1. What does the lack of a "true" center mean for the dribble-drive offense, defensive sets and rebounding? Kentucky lacked a "true" center last season and advanced to the Final Four. So the lack of a "true" center is no serious handicap. Without such a player, a path can be more easily cleared for drives toward the basket, so any dribble-drive action can be enhanced by the absence of a lane-clogging post-up man. On defense, freshmen Anthony Davis and Michael Kidd-Gilchrist, plus others, will block shots. Denny Crum led Louisville to multiple Final Fours and won two national championships with "smaller" teams that fronted the post. Those Louisville teams are the example Kentucky might follow.
2. If Marquis Teague goes down, what does UK do for a point guard? To borrow a John Calipari term, there is no point guard with "demonstrated performance" on the roster. But, if form holds, Teague will be plenty good as the starter. But who takes over if Teague misses extended time because of injury? Foul trouble in a particular game can be handled. Players such as Darius Miller, Doron Lamb and Terrence Jones can be temporary fixes. Twany Beckham and Jarrod Polson could get UK through a stretch of minutes. Long term, UK needs Teague on the floor and steadily improving throughout the season like predecessors John Wall and Brandon Knight.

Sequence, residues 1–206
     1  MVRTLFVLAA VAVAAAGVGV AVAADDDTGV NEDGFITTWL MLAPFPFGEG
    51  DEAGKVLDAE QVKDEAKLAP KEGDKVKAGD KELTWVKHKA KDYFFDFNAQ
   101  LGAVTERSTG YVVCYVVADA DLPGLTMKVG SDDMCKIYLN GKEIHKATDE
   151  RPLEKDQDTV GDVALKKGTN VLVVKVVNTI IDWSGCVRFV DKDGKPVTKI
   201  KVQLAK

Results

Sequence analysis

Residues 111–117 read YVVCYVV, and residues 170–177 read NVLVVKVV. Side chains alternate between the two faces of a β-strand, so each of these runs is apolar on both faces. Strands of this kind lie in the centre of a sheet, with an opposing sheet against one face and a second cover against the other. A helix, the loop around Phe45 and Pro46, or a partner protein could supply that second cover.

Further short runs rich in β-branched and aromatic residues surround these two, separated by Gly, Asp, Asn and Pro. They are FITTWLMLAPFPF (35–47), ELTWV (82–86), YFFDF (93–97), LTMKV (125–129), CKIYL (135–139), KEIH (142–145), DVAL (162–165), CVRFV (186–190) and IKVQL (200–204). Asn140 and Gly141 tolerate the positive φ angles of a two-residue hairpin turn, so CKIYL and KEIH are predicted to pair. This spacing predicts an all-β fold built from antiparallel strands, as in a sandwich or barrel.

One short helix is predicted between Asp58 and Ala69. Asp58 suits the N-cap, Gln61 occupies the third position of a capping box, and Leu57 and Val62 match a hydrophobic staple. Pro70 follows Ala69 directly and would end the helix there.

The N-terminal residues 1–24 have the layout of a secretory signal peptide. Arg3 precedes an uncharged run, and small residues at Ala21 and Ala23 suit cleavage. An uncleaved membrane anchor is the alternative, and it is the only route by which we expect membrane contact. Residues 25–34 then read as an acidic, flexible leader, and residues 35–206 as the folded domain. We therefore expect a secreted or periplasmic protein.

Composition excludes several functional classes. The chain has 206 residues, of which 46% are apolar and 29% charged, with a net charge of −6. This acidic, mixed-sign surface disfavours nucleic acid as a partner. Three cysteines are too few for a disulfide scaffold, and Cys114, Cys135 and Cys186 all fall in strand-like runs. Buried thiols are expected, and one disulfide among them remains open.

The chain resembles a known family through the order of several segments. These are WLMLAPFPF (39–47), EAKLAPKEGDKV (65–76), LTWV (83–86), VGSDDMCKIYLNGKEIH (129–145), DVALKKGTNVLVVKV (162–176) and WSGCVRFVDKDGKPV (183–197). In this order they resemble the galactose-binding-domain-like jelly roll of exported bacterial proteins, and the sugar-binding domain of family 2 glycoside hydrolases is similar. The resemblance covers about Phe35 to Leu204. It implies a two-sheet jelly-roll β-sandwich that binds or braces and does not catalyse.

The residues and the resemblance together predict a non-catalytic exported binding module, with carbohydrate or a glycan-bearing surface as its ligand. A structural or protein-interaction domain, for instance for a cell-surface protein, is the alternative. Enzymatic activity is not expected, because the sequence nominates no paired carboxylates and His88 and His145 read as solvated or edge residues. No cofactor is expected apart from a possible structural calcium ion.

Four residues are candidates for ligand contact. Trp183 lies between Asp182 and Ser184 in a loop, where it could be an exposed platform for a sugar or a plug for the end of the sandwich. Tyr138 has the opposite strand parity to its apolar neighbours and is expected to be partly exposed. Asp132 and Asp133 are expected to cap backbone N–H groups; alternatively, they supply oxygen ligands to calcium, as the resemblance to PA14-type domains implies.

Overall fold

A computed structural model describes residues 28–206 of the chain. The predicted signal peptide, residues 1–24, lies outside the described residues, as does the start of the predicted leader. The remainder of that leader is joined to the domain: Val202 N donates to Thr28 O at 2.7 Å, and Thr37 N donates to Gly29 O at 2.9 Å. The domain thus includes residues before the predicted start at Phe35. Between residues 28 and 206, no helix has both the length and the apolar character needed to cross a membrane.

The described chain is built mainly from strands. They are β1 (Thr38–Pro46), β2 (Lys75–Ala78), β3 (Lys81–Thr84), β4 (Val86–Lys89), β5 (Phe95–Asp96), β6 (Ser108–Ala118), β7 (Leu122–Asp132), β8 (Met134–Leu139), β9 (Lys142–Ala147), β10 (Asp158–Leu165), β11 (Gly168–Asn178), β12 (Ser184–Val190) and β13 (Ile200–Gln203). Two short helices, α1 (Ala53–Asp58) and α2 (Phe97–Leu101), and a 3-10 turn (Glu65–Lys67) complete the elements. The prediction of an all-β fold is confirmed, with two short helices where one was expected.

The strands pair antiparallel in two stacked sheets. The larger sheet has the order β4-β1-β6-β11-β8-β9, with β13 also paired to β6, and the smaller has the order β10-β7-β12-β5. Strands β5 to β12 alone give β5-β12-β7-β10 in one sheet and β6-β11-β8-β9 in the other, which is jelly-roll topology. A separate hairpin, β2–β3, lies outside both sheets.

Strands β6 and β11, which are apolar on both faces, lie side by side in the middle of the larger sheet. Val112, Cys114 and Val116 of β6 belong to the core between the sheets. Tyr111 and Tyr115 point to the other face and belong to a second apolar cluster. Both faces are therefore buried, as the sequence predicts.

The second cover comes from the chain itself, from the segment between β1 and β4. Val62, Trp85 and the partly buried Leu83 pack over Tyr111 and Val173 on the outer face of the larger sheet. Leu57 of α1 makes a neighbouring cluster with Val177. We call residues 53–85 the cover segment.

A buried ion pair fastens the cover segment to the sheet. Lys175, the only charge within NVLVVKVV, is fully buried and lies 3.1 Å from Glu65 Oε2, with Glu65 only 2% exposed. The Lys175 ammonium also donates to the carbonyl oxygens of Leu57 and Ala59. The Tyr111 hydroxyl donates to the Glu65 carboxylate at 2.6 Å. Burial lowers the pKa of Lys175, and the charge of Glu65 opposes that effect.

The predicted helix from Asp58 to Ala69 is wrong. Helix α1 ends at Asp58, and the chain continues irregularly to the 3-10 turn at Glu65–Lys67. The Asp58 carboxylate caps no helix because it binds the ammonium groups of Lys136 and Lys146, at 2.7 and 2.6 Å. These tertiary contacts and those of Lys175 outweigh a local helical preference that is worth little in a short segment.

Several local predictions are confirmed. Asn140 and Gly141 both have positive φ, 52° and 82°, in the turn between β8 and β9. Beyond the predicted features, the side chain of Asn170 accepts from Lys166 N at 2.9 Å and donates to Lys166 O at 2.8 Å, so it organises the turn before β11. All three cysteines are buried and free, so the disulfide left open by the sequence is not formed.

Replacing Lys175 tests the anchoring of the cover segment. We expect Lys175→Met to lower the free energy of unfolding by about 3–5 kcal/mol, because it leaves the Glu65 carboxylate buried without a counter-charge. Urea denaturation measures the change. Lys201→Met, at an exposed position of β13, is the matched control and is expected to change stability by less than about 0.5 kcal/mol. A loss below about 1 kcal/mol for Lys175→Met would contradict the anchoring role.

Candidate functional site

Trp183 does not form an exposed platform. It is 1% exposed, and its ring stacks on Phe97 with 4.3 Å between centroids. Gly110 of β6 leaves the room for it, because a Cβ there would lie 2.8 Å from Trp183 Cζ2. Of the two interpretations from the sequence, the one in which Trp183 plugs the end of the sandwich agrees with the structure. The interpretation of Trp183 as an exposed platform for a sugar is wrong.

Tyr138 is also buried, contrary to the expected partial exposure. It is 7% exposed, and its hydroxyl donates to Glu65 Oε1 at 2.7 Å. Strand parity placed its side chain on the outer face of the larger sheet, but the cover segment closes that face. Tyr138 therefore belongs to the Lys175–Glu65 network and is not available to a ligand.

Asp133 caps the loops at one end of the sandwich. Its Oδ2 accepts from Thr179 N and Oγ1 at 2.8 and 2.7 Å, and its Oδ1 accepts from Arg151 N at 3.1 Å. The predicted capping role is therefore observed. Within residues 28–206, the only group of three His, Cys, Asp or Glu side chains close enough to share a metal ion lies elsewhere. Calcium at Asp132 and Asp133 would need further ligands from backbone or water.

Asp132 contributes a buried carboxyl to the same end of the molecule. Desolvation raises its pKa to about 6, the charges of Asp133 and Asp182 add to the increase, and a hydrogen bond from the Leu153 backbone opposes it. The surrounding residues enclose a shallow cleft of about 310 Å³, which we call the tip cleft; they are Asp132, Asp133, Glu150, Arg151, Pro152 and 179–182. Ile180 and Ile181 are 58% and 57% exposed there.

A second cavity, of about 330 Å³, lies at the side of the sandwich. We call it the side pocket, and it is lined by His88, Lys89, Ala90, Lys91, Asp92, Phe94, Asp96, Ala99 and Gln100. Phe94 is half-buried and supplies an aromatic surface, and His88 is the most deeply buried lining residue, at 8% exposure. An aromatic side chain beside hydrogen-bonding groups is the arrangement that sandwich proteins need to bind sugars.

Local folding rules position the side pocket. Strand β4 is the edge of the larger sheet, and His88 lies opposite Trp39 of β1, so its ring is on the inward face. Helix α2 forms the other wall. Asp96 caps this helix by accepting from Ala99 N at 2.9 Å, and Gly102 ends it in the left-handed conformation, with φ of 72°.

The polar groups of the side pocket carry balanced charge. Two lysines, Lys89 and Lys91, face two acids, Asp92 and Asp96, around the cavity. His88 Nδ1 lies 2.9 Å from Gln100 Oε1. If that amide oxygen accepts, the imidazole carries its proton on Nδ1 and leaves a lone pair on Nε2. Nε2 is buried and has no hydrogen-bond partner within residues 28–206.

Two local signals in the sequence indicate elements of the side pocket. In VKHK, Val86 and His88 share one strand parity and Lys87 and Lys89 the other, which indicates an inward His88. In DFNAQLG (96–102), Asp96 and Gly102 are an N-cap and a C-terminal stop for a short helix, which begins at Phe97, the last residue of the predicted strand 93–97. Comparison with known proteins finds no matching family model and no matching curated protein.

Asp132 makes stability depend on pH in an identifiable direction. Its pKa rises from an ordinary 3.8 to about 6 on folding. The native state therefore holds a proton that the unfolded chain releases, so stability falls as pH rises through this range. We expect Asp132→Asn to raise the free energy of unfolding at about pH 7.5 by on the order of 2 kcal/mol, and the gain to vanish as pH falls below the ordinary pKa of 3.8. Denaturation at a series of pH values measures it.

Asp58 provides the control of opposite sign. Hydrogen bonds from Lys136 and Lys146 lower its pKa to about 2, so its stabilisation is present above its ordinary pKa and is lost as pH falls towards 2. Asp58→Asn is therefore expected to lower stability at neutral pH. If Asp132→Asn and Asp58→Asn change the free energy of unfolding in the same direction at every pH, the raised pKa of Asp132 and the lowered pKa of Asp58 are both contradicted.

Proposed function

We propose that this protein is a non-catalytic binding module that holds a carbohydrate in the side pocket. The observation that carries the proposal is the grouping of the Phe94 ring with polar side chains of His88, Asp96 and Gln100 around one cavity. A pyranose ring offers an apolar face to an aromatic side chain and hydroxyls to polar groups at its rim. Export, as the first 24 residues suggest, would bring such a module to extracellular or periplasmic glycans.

3. Is there anybody the Cats can't afford to lose? (Other than John Calipari, of course.) On UK's Media Day, Calipari likened this group to the Louisville teams of the 1970s and 1980s. Crum used interchangeable players whose versatility propelled the Cards to six Final Fours in a 15-year period. Aside from point guard, UK seems blessed with multiple options at the other four positions. But one player stands out in this cast ensemble. Jones did so many things well last season, as evidenced by 13 double-doubles, he won a media vote to be the Southeastern Conference's Player of the Year this season. His combination of size, productivity and experience make him first among equals.
4. Who will take the big shots late in games for this team? Last season Kentucky had an 8-8 record in games decided by seven or fewer points. That reflects the precarious nature of close games and, perhaps, UK's lack of a dominant low-post presence, which can ensure high-percentage shots and/or free throws at crunch time. The Cats could have several low-post options this season: lobs to Davis, hooks from Kyle Wiltjer, clever moves from Jones. But there's no Jared Sullinger in the bunch. If it comes down to perimeter shooting, UK is well armed. Doron Lamb (48.6 percent) and Darius Miller (44.3) finished 1-2 in three-point accuracy among SEC shooters last season.
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5. Jones burst out of the starting gate last year, much of it against lesser competition, semi-disappeared for much of the season just aimlessly wandering the perimeter and then seemed to make a comeback late. What can be expected of him this year? Jones did not simply feast on weaker competition. His double-doubles included 16 points and 17 rebounds against Washington, 27 points and 17 rebounds against Notre Dame and 11 points and 15 rebounds against UConn in the Final Four. These are monstrous numbers for a freshman. During the pre-season, Calipari has noted Jones' greater level of fitness and keener sense of purpose as a sophomore. This season, he's moved better and shown a take-charge attitude on the court. Calipari says Jones wants to be a solid lottery pick. Few would argue about that goal being achievable.